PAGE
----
Local means local
There were guffaws back in 2009 when the city of Providence paid $75,000 to a firm from Nashville — literally 1000 miles away — to re-brand the city “The Creative Capital.” The affair triggered the obvious question: if the city is so damn “creative,” why the hell did we outsource our own makeover?
The RISD Museum seems prepared for the scrutiny that comes along with a show titled “Locally Made.”
Exhibit A: the bright red glowing button on top of a wooden box with the message “Press here for today’s guide” that greets museum visitors as they enter. Once pressed, a long, thin strip of paper spools out of a slit in the box. The receipt-style slip is a customized schedule of the day’s events at the museum.
The whole apparatus, which contains a specially coded computer inside the box, was designed over nine months by a seven-person team at Westminster Street’s Design Office, the rentable drop-in office space founded by local artist and RISD Graphic Design professor, John Caserta.
The project was a case study in how the Design Office works, he tells us. “[I]nterdisciplinary, collaborative, self-initiated (the museum asked for a few posters originally), and contemporary in format and focus.”
Might we say the same for the city, itself?
What’s it all mean?
Speaking of the Providence “brand,” we asked every “Locally Made” participant whom we spoke with a version of the same, perhaps-impossible question.
Is there some kind of distinctive local idea or attitude or aesthetic that’s on display in “Locally Made”? And if the RISD Museum has succeeded in bottling the creative essence of this place, how might we describe it?
Most folks said that it’s too early to tell; this is a question better answered after the show ends. But a few bold interviewees took a stab, nonetheless.
PASSIONATE! A 'romance novel' by Sofia Poe.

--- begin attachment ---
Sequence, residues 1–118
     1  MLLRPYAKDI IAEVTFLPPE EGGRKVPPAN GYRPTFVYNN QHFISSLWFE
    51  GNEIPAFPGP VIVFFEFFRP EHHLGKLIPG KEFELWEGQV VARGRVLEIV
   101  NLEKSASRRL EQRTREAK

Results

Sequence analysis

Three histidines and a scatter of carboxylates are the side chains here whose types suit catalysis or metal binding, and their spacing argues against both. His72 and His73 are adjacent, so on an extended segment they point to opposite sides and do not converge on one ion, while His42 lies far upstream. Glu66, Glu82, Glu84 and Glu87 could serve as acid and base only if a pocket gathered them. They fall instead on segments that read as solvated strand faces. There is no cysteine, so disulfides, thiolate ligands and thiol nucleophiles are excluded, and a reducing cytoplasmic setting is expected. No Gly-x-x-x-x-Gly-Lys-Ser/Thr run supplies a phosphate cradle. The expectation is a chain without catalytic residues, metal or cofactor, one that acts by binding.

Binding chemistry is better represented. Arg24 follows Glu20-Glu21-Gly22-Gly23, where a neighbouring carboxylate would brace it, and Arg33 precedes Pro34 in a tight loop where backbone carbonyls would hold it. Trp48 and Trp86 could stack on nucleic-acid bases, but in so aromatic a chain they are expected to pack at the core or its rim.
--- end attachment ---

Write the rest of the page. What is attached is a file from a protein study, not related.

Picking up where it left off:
Sofia Poe, a Washington state native who graduated from RISD in 2012 with a BFA in photography, will read erotic lit — excerpts from Take Me To Your Breeder, for example — written by her fictional alter ago, Rosalinda Fontaine, at “One Room.”
“I’d like to think that the boldness of New England seeps into all our work in some subtle (or not so subtle) way,” she says. “It’s a great city for performers especially — there’s such a tight knit community of artists.
“Providence is the birthplace of Rosa-linda, the place where I discovered my other selves . . . and in turn, I suppose, myself,” she adds.
Ricky Katowicz, the man with the white shroud and the sewing machine, offered a shorter description that gets our vote for replacing “The Creative Capital” as the city’s tag line.
“It’s an OK place to be a freak,” he says.
The last word
Just before our deadline, we received a note from Peter Glantz, the previously mentioned auteur (he’s directed music videos for Wilco and Andrew W.K. and has a cartoon series in MTV’s reboot of Liquid Television this fall) who will debut his one-man-show “Being Invisible” in the “One Room” “Spotlight” series.
Glantz was profiled in the Providence Journal’s recent article on “Locally Made” and in the piece, his name was repeatedly spelled “Glanz.”
He wrote to us to set the record straight:
“The story goes that my grandfather ordered stationary for his business that came back with a typo where his name was written as ‘Glantz’ instead of ‘Glanz.’ In lieu of the cost and time involved with reprinting, he decided to change the spelling of our family’s name. After all, it was a made up name created on Ellis Island because that was the town in Germany his family had been fleeing. Quite possibly, the ProJo did this in-depth family research and decided to honor the original spelling of my family’s name in their recent article about me, or perhaps they just don’t care enough to do basic fact and spell checking before going to press. Either way, I want to thank RI’s paper of record for reminding me of where my family came from. . . and to always cross my Ts.”
Philip Eil can be reached email@example.com . Follow him on Twitter @phileil.